By Tom Putnam
“Green shoots,” signs of rebirth and growth in the spring season, was used as an informal term in the early 1990s to indicate signs of economic recovery in the United Kingdom. An American economist articulated the phrase in February 2009 and then the Federal Reserve Chairman, Ben Bernanke, popularized the expression on March 15, 2009 – a few days after the S&P 500’s recession low – when he observed nascent signs of economic improvement. Although there may have been times over the past three years when it appeared that those shoots did not take root, the economic data are convincing that the recovery, though slow, is real.
Focusing on the headlines can be disheartening. Certainly, we have some challenges: federal government deficit spending, European fiscal and sovereign debt concerns, and the lagging recovery in the housing and job markets. Nevertheless, we continue to see gradual improvement in various economic figures. Corporate profitability is at an all-time high, our unemployment rate is declining, the manufacturing base is becoming more competitive globally, bank balance sheets have been substantially repaired and credit is becoming more available and affordable, and personal balance sheets are improving with more confident consumers spurring sales of autos and other goods.
While we remain ever mindful of the macroeconomic data, it is at the company level where we spend most of our effort. Last year, many of the businesses we are invested in reported strong earnings growth and prospects for more to come. Several FAM Funds holdings are taking advantage of international growth trends while increasing their U.S. market share as heavily indebted competitors grapple to endure. Strong corporations are increasing profitability despite the current environment.
Price Is Separate and Distinct From Value
Corporate earnings ultimately drive stock prices. In fact, many S&P 500 companies had record 2011 earnings. You might ask, “With some of the best earnings in history, why didn’t the S&P 500 Index do better last year?” It was an extremely volatile year for the S&P and most of the fluctuations had little to do with the underlying economic value of the businesses that comprise the index. More often than not, it was the unsettling macroeconomic headlines that caused the indiscriminate selling of stocks regardless of how well businesses were performing.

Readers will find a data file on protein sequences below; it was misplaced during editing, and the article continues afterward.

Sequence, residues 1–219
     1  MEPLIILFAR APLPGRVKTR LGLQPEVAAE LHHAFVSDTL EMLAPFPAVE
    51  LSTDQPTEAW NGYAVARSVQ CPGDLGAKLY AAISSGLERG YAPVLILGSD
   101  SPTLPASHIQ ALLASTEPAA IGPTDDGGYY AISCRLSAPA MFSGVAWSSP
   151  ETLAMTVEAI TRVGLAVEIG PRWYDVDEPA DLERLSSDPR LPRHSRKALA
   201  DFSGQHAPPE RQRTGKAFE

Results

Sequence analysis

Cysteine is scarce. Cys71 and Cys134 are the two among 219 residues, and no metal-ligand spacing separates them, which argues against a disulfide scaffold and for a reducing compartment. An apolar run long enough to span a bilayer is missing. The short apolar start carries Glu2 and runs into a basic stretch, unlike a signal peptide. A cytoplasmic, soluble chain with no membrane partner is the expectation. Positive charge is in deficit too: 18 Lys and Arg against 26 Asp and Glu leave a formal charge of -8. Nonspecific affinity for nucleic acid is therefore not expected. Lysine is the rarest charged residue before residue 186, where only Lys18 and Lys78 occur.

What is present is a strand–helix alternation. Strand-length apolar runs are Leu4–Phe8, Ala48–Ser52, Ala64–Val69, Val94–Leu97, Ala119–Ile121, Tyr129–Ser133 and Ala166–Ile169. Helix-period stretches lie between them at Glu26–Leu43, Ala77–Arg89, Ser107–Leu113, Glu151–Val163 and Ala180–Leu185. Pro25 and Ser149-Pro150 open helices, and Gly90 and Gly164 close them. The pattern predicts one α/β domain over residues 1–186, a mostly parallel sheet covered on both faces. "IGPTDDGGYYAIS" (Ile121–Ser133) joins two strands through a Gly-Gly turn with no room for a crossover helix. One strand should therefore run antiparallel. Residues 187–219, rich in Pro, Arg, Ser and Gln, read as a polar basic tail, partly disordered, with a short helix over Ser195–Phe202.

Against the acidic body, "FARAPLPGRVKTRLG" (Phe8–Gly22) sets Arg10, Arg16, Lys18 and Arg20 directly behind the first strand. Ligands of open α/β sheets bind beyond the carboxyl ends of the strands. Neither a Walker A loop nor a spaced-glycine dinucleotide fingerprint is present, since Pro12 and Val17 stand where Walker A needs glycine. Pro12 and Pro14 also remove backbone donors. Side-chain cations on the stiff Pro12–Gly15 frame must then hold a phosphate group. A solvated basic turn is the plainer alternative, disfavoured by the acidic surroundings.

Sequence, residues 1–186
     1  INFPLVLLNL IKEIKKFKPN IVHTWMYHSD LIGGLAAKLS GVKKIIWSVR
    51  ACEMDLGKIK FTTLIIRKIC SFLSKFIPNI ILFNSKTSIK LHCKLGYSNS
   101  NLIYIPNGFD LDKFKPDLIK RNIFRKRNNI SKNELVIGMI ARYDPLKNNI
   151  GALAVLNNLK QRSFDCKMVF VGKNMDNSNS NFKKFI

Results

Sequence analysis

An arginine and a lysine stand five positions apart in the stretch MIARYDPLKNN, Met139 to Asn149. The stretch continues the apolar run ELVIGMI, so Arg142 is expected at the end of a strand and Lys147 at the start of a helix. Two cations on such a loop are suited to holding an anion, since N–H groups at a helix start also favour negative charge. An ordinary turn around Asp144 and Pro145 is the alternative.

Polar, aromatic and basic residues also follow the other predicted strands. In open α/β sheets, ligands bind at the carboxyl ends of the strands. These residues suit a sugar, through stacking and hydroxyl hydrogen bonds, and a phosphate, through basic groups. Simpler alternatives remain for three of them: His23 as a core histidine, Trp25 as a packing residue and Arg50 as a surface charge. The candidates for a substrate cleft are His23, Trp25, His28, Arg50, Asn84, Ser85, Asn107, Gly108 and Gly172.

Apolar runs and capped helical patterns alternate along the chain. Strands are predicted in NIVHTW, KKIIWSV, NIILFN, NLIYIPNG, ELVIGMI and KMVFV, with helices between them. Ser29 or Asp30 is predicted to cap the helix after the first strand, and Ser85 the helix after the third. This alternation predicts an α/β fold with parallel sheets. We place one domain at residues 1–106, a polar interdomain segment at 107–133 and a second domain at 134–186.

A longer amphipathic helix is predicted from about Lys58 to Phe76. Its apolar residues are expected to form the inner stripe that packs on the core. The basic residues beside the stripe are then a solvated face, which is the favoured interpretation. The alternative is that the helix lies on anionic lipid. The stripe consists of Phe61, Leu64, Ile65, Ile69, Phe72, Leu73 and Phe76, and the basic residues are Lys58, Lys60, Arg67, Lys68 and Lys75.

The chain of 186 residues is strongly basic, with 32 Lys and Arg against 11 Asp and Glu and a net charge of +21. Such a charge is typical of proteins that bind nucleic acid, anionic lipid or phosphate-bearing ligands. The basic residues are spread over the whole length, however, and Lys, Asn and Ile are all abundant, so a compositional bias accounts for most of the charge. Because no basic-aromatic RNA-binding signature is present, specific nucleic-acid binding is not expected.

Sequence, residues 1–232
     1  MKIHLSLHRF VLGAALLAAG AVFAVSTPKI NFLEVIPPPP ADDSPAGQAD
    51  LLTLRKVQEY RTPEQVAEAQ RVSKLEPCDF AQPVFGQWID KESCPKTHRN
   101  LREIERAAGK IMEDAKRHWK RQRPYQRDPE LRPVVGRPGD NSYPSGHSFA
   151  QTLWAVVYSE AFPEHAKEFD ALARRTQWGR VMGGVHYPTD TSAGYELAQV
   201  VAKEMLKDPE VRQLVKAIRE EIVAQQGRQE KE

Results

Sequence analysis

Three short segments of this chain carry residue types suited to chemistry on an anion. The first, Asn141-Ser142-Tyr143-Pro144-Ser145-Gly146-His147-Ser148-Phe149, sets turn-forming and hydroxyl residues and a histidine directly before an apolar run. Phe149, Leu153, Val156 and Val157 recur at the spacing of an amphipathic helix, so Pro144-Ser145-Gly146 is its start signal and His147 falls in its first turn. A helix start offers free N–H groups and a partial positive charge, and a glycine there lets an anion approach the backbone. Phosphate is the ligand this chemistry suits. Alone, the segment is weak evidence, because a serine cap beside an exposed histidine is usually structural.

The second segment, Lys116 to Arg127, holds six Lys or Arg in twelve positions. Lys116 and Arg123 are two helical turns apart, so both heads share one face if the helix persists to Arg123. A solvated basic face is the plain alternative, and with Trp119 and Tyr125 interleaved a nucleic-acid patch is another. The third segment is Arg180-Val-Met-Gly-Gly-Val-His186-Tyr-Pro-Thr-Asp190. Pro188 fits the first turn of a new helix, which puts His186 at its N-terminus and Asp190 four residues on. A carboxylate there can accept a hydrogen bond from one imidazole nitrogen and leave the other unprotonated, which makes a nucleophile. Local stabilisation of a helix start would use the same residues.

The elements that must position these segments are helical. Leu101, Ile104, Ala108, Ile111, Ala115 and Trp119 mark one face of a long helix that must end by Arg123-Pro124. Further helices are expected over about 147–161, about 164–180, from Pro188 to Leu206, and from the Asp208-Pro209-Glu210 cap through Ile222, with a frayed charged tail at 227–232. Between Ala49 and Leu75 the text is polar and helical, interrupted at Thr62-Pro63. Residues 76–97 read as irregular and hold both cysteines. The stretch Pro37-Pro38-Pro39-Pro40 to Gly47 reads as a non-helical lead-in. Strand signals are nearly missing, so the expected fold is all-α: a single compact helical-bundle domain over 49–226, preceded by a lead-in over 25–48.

How you handle short-term volatility is a function of your temperament and perspective. If you are patient and know the value of what you are invested in (or want to invest in), then downside volatility presents opportunity. We used the severe decline in stock prices last August and September to invest in high-quality companies whose stocks were selling at what we considered to be discounted prices. Some were existing holdings and others new ideas. We believe we improved the overall quality of stocks in the Funds and are well-positioned for the long term.
Our approach is to analyze the intrinsic value of the business which becomes our benchmark for determining whether the stock price is low or high. One of the most important tenets of value investing is that price is separate and distinct from value. A focus on the economic value of individual companies and our long-term orientation keep us even-keeled in turbulent markets.
FAM’s long-term investment philosophy helps us focus on three- to 10-year horizons — and beyond. Just as the economy has shown improvement, the stock market has followed suit since it hit bottom on March 9, 2009. Over the last three years, we have been working as hard as ever actively managing the portfolios. While our process and philosophy remain steadfast, we have been exploring new investment ideas in various industries. Some of these newer stocks have made a positive contribution to the Funds.
We also had some exciting news:
1. 2012 marked the FAM Value Fund’s 25th Anniversary! Please contact us if you would like a free copy of our anniversary brochure, “25 Stock Investment Guidelines.” It is a collection of wisdom from investing through multiple Bull and Bear markets.
2. The FAM Equity-Income Fund celebrated 15 years in 2011. The Wall Street Transcript, SmartMoney, and Louis Rukeyser’s Wall Street highlighted the Fund.
3. On March 1, 2012 we launched the FAM Small Cap Fund. Our new Fund focuses on small companies with long-term potential.
We have a comprehensive offering of mutual funds to help you achieve your long-term financial goals. Though each fund differs in strategy, they share the same investment philosophy and approach that have been FAM’s hallmark. With the overall stock market trading at 20-year low valuations, we think portfolios of high-quality stocks can produce good results.
Although the mood of some investors may be tepid, rest assured that things are improving across multiple economic areas and have been for the last three years. Yes, we have had impediments, but this is to be expected as we work through American and global economic issues. Stocks have rallied and continue to show promise, especially those of first-rate companies. Also, we believe that there is still potential for equities from current valuation levels and the next three years may result in even further improvements.
If you have any questions about our Funds or want the Value Fund’s 25th Anniversary brochure, please call one of our in-house FAM Shareholder Services representatives at 800-932-3271. Thank you for your enduring trust.